Down the Bitcoin Rabbit Hole: Is the Currency Truly Anonymous?

4 minute read

Posted by: DeepDotWeb November 14, 2013

Researchers have asked a very important question about the bitcoin, a question that has spurred the unregulated currency’s popularity, as well as its controversy: is bitcoin anonymous, or can it be tracked?

The conclusion they found: yes.

One of the major reasons why this has become such an important question in recent months is because of how many comparatively large thefts have taken place.  Also, with the bitcoin valuing at around $400 as of Nov 13, thieves will be on the prowl for bitcoin wallets to lighten.

However, one theft that sparked national attention from the media, and even spurred academic level research happened in the summer of 2011.  25,000 bitcoins were stolen from an encrypted wallet.  As of today, the thief is now the proud owner of roughly $10 million in ‘hot’ bitcoins.

The Tracking Begins

Researchers have taken a nosedive down the rabbit hole to see if the thief can be tracked.  They found that bitcoins leave quite the paper trail, but really, just a paper trail.  Bitcoin transactions and wallets are shown in public for the world to see, making it very difficult to conceal stolen bitcoins.  However, bitcoin wallets can be anonymous, which means that all trackers can do is follow the trail from wallet to wallet without ever knowing who owns them.

What the trackers have to do is watch and wait for an ‘anchor’ to appear.  An anchor is basically information that ties a real-world individual to the ownership of a bitcoin wallet.  This often happens when the owner of the wallet exchanges the bitcoins for fiat currency (dollars, euros, etc.) -or when the owner makes a transaction, which tends to result in the divulging of anchoring information.  According to Vitalik Buterin of

“One might discover the Bitcoin address of that user’s employer, favorite businesses, customers, and much more – or, knowing more anchors, one might quickly figure out what that user’s favorite businesses are. Aside from simply “following the money”, there are also two more advanced tools that Bitcoin sleuths can use.”

However, this often does not happen, and the researchers are left with the monumental and endless task of tracking bitcoins through the blockchain.

Alice Just Became A Lot Harder To Find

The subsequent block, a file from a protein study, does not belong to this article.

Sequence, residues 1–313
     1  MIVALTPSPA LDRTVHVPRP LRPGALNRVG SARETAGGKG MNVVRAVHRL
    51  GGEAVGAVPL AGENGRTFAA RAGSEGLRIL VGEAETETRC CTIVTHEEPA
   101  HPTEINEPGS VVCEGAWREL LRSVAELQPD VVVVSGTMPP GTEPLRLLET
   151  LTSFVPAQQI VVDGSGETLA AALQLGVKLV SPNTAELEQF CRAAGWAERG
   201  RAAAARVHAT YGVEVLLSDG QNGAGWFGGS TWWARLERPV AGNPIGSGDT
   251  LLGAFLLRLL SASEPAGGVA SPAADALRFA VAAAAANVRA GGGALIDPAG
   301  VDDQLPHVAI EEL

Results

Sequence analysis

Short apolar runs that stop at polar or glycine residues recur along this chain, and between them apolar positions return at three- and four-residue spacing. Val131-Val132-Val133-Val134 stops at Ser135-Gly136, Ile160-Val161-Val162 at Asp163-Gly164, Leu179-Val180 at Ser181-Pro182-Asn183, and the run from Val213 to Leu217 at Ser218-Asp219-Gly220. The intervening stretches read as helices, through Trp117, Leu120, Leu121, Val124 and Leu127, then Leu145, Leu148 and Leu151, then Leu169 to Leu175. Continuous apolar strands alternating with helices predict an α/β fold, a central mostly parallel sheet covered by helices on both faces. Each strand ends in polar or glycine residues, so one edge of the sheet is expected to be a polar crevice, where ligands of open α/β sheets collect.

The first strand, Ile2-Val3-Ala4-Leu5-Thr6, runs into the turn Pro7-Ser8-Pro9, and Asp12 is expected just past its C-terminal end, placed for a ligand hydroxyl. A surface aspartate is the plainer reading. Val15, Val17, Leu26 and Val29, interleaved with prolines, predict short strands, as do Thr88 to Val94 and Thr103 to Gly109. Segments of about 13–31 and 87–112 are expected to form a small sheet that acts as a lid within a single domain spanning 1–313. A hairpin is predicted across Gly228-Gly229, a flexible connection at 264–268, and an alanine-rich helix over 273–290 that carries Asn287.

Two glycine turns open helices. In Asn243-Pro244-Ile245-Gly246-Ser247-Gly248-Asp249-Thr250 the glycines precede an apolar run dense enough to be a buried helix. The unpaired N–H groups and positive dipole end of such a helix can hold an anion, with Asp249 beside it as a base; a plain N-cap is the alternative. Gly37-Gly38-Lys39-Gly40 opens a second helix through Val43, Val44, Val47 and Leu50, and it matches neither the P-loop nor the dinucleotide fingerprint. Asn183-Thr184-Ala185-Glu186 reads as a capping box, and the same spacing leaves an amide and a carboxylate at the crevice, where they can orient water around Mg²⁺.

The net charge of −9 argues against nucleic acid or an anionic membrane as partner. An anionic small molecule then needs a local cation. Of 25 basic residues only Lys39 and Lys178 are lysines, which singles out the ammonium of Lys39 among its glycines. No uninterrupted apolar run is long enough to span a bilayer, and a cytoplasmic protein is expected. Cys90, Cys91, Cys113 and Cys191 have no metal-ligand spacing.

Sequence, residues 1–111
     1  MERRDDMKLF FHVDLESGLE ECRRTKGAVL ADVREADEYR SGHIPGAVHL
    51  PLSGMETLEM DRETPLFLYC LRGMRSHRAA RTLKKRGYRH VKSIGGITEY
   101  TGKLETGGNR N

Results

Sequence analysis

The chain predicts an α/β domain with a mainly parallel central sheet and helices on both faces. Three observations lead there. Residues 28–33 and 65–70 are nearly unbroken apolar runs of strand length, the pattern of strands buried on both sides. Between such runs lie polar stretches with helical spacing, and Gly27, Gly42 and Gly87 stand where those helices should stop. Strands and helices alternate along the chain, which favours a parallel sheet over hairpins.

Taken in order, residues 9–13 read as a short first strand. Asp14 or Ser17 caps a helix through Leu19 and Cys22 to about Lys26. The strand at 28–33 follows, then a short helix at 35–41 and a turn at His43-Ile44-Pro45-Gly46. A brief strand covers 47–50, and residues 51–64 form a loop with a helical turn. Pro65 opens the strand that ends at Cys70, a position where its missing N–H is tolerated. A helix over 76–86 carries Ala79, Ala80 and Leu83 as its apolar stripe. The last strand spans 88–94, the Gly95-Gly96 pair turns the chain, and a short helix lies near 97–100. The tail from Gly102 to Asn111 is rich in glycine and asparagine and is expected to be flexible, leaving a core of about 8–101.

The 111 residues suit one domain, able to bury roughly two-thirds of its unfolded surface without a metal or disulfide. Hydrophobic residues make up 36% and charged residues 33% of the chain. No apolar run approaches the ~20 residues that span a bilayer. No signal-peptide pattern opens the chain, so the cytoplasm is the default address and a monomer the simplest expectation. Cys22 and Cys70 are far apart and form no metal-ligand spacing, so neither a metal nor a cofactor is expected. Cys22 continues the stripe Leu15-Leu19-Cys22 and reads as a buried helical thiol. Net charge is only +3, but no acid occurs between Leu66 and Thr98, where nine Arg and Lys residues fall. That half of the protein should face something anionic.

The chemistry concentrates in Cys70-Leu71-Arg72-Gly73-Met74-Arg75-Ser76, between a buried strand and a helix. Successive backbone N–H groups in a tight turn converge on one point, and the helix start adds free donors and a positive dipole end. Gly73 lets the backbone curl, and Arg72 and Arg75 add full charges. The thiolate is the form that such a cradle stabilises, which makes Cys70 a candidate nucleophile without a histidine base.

Where the trail becomes far more complex is when an owner of a wallet sends his or her bitcoins through the ‘laundry’ utilizing what is called a ‘mixer’.  A bitcoin mixer is basically a way to make the flow of particular bitcoins almost impossible to track. It is a trust where several (or thousands) of wallet owners dump their bitcoins into a pot, the mixer shakes, rattles, and rolls around the bitcoins, and disperses them in random quantity sequences until all owners have the same amount of bitcoins from when they started.  For this service, the mixer charges a fee –however, for many wallet owners, the fee is worth the anonymity.  This process has stumped the trackers to the point of befuddlement.  According to Andy Greenberg of Forbes, even the ‘experts’ say that once bitcoins go through the mixer, the trail just about goes cold:

“If we had taken the extra consideration of shuffling our bitcoin expenditures through other addresses created with desktop-based wallet software, or gone to the further effort of sending them through a bitcoin “laundry service” such as Bitlaundry, Bitmix or Bitcoinlaundry, tracing them would have become much harder or even impossible.”

However, there are two issues with mixers.  First, the wallet owner must trust that the mixers themselves have honorable intentions.  If the bitcoins were stolen during the mixing process, there would be no way to prove that the theft even occurred.  Second, the wallet owner must trust that law enforcement isn’t taking a peak at the mixing.  It forces bitcoin owners into a nasty gamble.  But there may soon be an alternative method, which essentially creates an anonymous wallet, using anonymous mixing, with an anonymous peer-to-peer currency.

The method is called ‘trustless mixing’, and apparently it’s easy to use and just on the brink of being operational and available to the public.  According to Buterin:

“It’s experimental software,” Taaki says, “but it’s usable right now.” Anyone interested in running the mixer can simply download the source code and read the instructions here. Semi-decentralized, trustless Bitcoin anonymity has just been democratized.

This will change the game for bitcoin trackers, creating an almost impossible task to follow the flow of bitcoins to wallets So does another interesting sercive that goes by the name of

Bitcoin Dark Wallet – Dark Wallet is a light browser wallet relying on an independent Bitcoin implementation with out-of-the-box security and privacy features. Should be released in early 2014.  they are raising funds in indiegogo so can help it out here

Fat Cats Aren’t Invisible

Nevertheless, much anonymity still largely depends on the amount of bitcoins being tracked.  Researchers are certain that, yes, it is almost impossible to keep track of bitcoins that go through mixers, and especially if trustless mixers come into the equation –but at the same time, the larger the amount, the easier it is to follow the trail.  The mathematical principle behind this has to do with percentages of bitcoins in the overall economy, Buterin says:

“If a billionaire tried to mix their funds with, the mix would become 99% them – making the mixer essentially useless for the billionaire.”

In almost every report, the same principle comes into view: the more bitcoins there are in question, the less privacy there will be for the owner of those bitcoins.  It is very difficult to track a bitcoin equivalent of $100, but $10,000,000 is a different matter entirely.

In the blockchain, it pays to be as sly as a fox, but not a fat cat.


Updated: 2013-11-14